LastPass, an online password manager, announced a security-related incident to costumers on Nov. 30. The password manager is a service Elon University pays for faculty, staff and students. 

LastPass stores a user’s various passwords within its databases, where users can access their data with one master password. Elon began offering LastPass premium accounts to the campus community in 2018. 

During the incident, some customers had their information leaked, but according to Elon’s Information Security Director Gary Sheehan, this is not a concern for the university. In an email statement to Elon News Network, Sheehan said the accounts offered to faculty, staff and students are free, meaning they hold minimal personal information of users within the campus community. 

“At this point, we have not heard of any staff, student or faculty information being leaked,” Sheehan wrote. “Though certain elements of their customers’ information were compromised, the password vaults remained safely encrypted due to LastPass's Zero Knowledge architecture. They are still working diligently to understand the scope of the incident and identify what specific information was affected.”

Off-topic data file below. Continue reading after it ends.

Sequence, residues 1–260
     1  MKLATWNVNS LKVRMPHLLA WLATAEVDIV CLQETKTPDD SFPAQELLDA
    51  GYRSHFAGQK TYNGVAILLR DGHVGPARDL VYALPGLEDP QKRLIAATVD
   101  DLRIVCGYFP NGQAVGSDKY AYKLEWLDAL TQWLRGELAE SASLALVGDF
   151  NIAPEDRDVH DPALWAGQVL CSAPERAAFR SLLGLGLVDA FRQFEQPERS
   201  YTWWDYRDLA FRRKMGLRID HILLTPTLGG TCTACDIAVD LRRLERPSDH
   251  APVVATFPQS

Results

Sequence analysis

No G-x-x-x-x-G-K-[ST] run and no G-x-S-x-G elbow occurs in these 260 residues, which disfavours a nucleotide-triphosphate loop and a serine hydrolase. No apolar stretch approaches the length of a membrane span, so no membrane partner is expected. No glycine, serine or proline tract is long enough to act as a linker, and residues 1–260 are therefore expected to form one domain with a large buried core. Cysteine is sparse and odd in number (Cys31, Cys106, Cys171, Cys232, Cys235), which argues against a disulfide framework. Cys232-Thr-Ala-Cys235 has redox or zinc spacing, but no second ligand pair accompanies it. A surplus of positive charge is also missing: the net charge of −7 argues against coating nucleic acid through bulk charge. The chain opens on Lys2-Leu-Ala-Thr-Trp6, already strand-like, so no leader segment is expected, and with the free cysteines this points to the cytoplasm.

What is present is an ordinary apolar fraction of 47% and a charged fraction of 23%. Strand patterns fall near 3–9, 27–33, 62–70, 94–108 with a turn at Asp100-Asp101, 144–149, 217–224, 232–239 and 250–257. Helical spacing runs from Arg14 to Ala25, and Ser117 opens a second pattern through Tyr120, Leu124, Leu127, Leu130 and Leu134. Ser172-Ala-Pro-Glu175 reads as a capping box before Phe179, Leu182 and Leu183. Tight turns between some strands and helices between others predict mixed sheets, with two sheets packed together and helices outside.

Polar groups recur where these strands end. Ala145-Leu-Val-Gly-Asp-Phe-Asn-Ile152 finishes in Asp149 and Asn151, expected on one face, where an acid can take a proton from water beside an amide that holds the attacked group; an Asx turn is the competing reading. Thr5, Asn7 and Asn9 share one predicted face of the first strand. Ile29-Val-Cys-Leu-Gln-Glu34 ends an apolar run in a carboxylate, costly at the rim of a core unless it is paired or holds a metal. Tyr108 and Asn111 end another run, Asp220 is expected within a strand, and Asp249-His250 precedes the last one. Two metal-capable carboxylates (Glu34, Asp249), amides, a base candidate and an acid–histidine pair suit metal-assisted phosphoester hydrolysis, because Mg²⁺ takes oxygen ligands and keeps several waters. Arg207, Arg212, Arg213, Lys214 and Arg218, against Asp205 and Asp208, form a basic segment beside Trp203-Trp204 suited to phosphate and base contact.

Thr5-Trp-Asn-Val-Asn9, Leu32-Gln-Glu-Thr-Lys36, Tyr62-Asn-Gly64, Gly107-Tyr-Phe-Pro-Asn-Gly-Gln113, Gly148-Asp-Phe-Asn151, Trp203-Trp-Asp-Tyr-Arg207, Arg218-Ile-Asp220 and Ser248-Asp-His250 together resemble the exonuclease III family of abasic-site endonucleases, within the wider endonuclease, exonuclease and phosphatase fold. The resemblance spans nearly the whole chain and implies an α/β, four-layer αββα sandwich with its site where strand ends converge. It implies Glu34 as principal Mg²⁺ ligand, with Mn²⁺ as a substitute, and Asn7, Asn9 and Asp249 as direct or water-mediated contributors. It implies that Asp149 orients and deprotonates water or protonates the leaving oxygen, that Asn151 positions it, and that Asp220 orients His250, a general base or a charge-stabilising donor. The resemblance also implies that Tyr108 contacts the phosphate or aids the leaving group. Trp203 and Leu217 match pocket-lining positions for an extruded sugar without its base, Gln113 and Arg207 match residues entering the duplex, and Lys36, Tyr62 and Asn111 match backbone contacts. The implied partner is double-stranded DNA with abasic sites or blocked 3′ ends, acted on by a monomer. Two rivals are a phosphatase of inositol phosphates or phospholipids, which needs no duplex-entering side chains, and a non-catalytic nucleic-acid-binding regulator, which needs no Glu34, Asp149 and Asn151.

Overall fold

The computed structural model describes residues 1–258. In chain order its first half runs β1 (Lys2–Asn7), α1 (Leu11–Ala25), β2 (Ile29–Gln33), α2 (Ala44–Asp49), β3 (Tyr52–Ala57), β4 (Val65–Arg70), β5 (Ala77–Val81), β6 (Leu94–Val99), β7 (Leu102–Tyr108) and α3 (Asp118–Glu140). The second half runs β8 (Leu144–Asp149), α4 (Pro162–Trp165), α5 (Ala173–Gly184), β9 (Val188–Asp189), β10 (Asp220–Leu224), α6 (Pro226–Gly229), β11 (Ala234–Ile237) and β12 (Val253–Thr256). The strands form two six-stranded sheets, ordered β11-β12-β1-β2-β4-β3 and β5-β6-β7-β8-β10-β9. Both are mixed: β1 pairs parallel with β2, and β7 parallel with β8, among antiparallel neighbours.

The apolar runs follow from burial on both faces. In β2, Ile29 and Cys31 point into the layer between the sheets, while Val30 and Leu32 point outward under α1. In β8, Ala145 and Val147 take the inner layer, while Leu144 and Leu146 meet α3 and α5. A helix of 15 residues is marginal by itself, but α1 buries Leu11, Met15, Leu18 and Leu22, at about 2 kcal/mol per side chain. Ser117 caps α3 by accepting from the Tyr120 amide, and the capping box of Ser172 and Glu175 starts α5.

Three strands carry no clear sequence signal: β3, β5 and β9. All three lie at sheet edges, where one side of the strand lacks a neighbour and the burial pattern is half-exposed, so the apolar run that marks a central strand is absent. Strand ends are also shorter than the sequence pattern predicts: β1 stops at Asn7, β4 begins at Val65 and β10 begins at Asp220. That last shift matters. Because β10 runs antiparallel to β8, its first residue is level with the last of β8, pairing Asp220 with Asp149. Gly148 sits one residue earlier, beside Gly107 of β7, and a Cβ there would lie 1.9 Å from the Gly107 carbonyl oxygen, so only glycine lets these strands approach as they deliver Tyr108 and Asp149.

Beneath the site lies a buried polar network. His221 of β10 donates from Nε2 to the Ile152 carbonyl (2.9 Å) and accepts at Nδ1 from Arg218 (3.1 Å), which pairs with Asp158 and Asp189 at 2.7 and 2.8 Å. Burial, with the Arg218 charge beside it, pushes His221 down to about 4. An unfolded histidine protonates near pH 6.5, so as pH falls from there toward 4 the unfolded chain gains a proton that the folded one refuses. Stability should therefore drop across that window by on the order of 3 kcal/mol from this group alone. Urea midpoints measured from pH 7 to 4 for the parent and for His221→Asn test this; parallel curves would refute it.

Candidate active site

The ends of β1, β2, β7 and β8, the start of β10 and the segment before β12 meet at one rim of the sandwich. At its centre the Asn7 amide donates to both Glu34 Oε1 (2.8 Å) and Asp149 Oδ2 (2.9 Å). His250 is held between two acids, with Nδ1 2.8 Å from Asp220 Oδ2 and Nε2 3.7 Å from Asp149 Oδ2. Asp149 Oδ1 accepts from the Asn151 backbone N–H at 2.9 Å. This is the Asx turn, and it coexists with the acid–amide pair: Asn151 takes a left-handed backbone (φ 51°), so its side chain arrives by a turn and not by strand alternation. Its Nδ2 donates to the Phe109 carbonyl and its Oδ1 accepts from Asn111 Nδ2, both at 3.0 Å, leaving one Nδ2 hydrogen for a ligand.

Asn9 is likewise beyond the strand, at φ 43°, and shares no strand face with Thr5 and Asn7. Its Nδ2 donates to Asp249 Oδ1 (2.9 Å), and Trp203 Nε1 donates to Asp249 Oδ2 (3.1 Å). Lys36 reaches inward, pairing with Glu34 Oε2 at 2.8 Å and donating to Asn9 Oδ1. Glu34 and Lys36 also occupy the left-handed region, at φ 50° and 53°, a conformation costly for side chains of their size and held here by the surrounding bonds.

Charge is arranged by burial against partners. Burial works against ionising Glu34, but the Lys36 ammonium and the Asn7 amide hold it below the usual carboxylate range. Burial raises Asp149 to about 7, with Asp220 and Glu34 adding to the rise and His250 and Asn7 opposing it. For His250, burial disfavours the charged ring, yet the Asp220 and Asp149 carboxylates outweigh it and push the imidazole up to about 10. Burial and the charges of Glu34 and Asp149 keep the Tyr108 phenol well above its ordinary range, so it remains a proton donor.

Sheehan wrote that he recommends those who use LastPass configure it to use multi-factor authorization. The university uses Duo Security, and instructions on how to enroll can be found here

This incident marks the second time in three months that the company has had a security breach by the same party, according to reporting from NPR

Karim Toubba, the company’s CEO, posted an updated statement on Nov. 30 to the LastPass website regarding how they are dealing with these recent events.

“We recently detected unusual activity within a third-party cloud storage service, which is currently shared by both LastPass and its affiliate, GoTo,” read a statement on the company’s website. “We immediately launched an investigation, engaged Mandiant, a leading security firm, and alerted law enforcement.”

Elon junior Jaime Landau is a longtime LastPass user. Despite recent breaches of LastPass, Landau will stay with the service. 

“If no one has gotten any data, then it’s safe,” Landau said.